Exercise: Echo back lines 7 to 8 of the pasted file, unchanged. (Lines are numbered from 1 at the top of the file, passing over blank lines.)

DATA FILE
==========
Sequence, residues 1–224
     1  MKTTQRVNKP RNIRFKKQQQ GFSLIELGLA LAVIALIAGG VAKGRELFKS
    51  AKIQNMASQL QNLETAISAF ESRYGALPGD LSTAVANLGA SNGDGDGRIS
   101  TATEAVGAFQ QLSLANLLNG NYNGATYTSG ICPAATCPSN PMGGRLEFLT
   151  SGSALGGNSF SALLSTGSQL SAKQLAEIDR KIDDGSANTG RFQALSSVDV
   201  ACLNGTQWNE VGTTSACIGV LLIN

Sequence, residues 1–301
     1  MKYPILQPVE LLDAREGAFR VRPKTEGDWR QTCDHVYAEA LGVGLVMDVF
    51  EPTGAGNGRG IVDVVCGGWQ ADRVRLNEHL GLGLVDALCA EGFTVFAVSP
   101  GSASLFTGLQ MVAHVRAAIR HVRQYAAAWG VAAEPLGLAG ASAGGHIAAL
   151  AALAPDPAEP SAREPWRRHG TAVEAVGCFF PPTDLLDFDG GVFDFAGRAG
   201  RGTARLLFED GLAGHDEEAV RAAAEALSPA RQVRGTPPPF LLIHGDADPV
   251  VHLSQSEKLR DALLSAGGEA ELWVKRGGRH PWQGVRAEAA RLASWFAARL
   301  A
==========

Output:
Sequence, residues 1–301
     1  MKYPILQPVE LLDAREGAFR VRPKTEGDWR QTCDHVYAEA LGVGLVMDVF